code name was "Pal Joey." Approaching the location, I saw it on the surface with a big American Flag flying and some of the Crew on deck. I couldn't make radio contact, so in accordance with prescribed procedures, I lowered the landing gear and flew over in the direction of Lieutenant Stevens. They understood, gave a big wave and headed out on that course — still on the surface! I was impressed by their bravery doing that when so close to enemy shores.

By this time it was getting late so I plotted a course to the ship and headed home. They were waiting for me so they could get me aboard and head out of the wind. As I hit the deck, the Bull Horn squawked for me to report to the Bridge and explain what I had been doing. That was my first combat flight and my "Baptism of Fire," so to speak. Next day we did it all over again on another

mission and, in addition, saw USS Franklin, CV-13, burning in the water on our way home. This was to be our steady diet for the next five

07-Arrested landing

months. The Air Group, (CVG-83), flew 9,982 sorties from USS ESSEX for 39,500 hours in the air. We destroyed 228 Jap planes in the air, with 121 probables and 107 on the ground. We also participated in the sinking or damaging of 265,000 tons of combat vessels, (including the Battleship Yamato), and 77,000 tons of merchant shipping. If we appeared to take death lightly it was because it was necessary to keep from going crazy. When seeing our shipmates being killed day after day, we tried to build up an immunity to it, sort of a defensive shell. 35 pilots and 13 aircrewmen were lost before we would return to the US of A and go ashore at the Naval Air Station, Seattle, Washington, on 14 September 1945. "To make the world safe for Democracy."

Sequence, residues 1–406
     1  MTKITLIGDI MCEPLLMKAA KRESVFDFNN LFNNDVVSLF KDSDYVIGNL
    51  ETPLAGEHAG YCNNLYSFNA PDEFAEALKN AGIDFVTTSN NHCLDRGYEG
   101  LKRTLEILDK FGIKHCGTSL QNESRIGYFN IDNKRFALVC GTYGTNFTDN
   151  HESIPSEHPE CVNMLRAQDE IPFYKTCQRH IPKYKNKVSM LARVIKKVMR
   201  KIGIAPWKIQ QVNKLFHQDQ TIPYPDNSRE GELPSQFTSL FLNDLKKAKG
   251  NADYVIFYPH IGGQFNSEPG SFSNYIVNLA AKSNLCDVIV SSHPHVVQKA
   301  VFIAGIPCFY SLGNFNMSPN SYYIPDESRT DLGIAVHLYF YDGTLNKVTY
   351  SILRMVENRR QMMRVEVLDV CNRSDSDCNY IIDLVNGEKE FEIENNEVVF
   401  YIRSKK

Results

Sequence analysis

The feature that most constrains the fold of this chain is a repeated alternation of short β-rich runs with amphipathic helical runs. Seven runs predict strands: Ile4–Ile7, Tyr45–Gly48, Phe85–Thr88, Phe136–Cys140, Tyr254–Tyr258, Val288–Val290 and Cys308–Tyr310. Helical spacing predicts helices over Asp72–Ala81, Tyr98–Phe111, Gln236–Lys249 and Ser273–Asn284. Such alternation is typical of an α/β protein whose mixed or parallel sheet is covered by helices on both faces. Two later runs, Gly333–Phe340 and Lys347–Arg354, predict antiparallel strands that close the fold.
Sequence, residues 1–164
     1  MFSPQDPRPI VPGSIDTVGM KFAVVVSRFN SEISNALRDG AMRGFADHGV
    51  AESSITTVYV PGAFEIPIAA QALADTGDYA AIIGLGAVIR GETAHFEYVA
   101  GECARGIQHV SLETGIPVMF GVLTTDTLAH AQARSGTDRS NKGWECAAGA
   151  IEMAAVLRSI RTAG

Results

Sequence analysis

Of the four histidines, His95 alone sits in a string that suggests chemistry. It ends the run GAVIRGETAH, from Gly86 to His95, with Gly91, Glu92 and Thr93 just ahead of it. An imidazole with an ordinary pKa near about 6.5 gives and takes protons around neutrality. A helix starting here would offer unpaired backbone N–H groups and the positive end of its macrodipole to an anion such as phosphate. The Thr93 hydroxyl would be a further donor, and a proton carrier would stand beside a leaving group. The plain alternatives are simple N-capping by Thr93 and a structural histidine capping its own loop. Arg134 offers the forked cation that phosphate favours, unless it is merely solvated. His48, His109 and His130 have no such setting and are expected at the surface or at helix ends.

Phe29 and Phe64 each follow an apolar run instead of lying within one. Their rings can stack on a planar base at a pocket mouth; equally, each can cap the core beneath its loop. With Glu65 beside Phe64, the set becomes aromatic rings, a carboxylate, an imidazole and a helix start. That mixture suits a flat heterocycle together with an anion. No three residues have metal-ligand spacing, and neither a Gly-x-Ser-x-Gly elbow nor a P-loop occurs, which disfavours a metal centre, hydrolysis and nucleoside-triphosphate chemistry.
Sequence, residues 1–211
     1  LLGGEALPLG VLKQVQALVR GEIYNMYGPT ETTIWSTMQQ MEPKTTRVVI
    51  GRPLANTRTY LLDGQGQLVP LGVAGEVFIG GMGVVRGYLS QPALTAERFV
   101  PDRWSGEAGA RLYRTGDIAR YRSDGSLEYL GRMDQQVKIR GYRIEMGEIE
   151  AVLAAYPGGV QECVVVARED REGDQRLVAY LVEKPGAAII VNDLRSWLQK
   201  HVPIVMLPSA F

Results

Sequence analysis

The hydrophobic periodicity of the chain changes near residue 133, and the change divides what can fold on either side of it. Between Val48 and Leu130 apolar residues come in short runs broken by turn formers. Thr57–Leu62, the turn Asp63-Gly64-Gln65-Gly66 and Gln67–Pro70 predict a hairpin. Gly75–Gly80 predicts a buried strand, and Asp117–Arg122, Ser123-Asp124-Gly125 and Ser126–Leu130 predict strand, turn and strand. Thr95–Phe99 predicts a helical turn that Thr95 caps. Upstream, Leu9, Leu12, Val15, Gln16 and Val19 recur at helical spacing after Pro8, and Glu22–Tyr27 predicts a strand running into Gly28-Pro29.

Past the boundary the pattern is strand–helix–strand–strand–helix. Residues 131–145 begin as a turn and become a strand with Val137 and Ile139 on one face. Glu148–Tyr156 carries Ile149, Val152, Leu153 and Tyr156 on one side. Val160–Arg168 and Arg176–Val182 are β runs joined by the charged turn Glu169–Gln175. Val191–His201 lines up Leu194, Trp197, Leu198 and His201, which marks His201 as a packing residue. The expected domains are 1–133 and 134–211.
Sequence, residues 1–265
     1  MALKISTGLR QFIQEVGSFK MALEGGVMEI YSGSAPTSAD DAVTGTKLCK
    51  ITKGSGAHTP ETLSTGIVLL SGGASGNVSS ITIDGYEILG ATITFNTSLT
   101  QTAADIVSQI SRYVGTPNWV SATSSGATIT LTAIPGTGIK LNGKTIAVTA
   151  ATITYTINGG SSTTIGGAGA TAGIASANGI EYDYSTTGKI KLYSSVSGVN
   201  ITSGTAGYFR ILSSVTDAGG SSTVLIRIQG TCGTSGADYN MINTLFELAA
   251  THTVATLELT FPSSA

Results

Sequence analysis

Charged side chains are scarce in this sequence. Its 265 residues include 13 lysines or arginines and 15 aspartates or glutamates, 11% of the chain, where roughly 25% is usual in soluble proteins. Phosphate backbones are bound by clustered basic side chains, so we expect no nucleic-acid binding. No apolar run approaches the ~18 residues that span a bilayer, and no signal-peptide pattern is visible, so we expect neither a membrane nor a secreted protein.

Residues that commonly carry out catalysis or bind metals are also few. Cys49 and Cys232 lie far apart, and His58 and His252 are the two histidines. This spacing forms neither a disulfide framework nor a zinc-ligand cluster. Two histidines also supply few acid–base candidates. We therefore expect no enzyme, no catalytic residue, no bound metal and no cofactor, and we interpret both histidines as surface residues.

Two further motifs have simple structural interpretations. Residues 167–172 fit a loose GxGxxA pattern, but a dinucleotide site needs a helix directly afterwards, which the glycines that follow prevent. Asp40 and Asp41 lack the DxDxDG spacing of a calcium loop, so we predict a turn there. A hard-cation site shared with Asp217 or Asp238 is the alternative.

LTJG Glen (Wally) Wallace.

In 1990, I received the following note from Henry Sakaida, a Japanese Author who sent me a story about the Kamikaze entitled: "THUNDER GODS, The Kamikaze tell their story." Written by Hatsuho Naito, translated by Mayumi Ichikawa and forwarded by James Michener.


Capt. Wallace -

The Japanese side of your air raid! If the information here is accurate, then it appears that you downed UMENO. It also appears that UMENO and possibly TANIMIZU attacked Lt. J.J. STEVENS, with Umeno causing Stevens to smoke and Tanimizu then chasing him out to sea.


........................... The Original Diary text is in this column
The modern text to by Captain Wallace to explain each entry This Column

19 MARCH 1945
Second day of strikes on Kyushu. We damaged a Carrier and Battleship in Kure harbor. I was flying wing on Ham Reidy when he shot down a Mert. Pappert, Coulmbe and I now have a new Division Leader. Ship was under attack all day. One Kamakize nicked #2 Elevator guard rail. Danny Gray made water landing.. We lost three Bombers and one Torpedo crew. The Wasp, Enterprize, Langley, Intrepid and Franklin hit. The Franklin has been burning all day.





19 March 1945 — a close look at

The USS Franklin

On the way back from our strike on Kyushu, we saw the Franklin burning with great clouds of

USS Franklin CV13
Picture courtesy
USS Franklin Homepage
smoke billowing up. Being curious, we eased over to get a good look and were greeted with a furious